any of the faculties, as sight, hearing, smell, taste, or touch, by which humans and animals perceive stimuli originating from outside or inside the body:
My sense of smell tells me that dinner is ready.
these faculties collectively.
their operation or function; sensation.
a feeling or perception produced through the organs of touch, taste, etc., or resulting from a particular condition of some part of the body:
to have a sense of cold.
a faculty or function of the mind analogous to sensation:
the moral sense.
any special capacity for perception, estimation, appreciation, etc.:
a sense of humor.
Usually, senses. clear and sound mental faculties; sanity:
Have you taken leave of your senses?
a more or less vague perception or impression:
a sense of security.
a mental discernment, realization, or recognition; acuteness:
a just sense of the worth of a thing.
the recognition of something as incumbent or fitting:
a sense of duty.
sound practical intelligence:
He has no sense.
something that is sensible or reasonable:
Try to talk sense instead of shouting.
the meaning or gist of something:
You missed the sense of his statement.
the value or worth of something; merit:
There’s no sense in worrying about the past.
the meaning of a word or phrase in a specific context, especially as isolated in a dictionary or glossary; the semantic element in a word or group of words.
an opinion or judgment formed or held, especially by an assemblage or body of persons:
the sense of a meeting.
Genetics. a DNA sequence that is capable of coding for an amino acid (distinguished from nonsense).
Mathematics. one of two opposite directions in which a vector may point.
verb (used with object), sensed, sensing.
to perceive (something) by the senses; become aware of.
to grasp the meaning of; understand.
(of certain mechanical devices) to detect physical phenomena, as light, temperature, radioactivity, etc., mechanically, electrically, or photoelectrically.
Computers. to read (punched holes, tape, data, etc.) mechanically, electrically, or photoelectrically.
come to one’s senses, to regain one’s good judgment or realistic point of view; become reasonable.
in a sense, according to one explanation or view; to a certain extent:
In a sense it may have been the only possible solution.
make sense, to be reasonable or comprehensible:
His attitude doesn’t make sense.
any of the faculties by which the mind receives information about the external world or about the state of the body. In addition to the five traditional faculties of sight, hearing, touch, taste, and smell, the term includes the means by which bodily position, temperature, pain, balance, etc, are perceived
such faculties collectively; the ability to perceive
a feeling perceived through one of the senses: a sense of warmth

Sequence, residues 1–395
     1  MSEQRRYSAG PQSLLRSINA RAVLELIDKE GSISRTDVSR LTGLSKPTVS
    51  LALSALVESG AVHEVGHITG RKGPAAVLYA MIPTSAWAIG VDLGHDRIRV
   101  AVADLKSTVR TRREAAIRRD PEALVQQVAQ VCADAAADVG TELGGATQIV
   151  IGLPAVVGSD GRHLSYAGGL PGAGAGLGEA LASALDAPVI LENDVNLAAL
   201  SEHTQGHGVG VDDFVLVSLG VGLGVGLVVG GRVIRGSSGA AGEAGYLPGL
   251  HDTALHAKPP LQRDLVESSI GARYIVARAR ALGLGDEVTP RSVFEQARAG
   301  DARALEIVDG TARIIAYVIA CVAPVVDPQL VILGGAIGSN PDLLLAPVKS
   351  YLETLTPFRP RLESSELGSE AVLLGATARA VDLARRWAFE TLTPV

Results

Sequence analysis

a mental perception or awareness: a sense of happiness
moral discernment; understanding: a sense of right and wrong
(sometimes pl) sound practical judgment or intelligence: he is a man without any sense
reason or purpose: what is the sense of going out in the rain?
substance or gist; meaning: what is the sense of this proverb?
specific meaning; definition: in what sense are you using the word?
an opinion or consensus
(maths) one of two opposite directions measured on a directed line; the sign as contrasted with the magnitude of a vector
the import of an expression as contrasted with its referent. Thus the morning star and the evening star have the same reference, Venus, but different senses
the property of an expression by virtue of which its referent is determined
that which one grasps in understanding an expression
make sense, to be reasonable or understandable
take leave of one’s senses, See leave2 (sense 8)
to perceive through one or more of the senses
to apprehend or detect without or in advance of the evidence of the senses
to test or locate the position of (a part of computer hardware)
to read (data)
Any of the faculties by which stimuli from outside or inside the body are received and felt, as the faculties of hearing, sight, smell, touch, taste, and equilibrium.
A perception or feeling that is produced by a stimulus; sensation, as of hunger.
v. sensed, sens·ing, sens·es
To become aware of; perceive.
A meaning of a word.
noun 1. a novel (1811) by Jane Austen.
noun 1. Also called sensum. Psychology. the basic unit of an experience resulting from the stimulation of a sense organ; a stimulus or an object of perception or sensation. 2. Epistemology. datum (def 3). noun 1. (philosophy) a sensation detached both from any information it may convey and from its putative source in the external […]
adjective 1. full of reasonable sense; sound; judicious.
noun 1. a karate or judo instructor.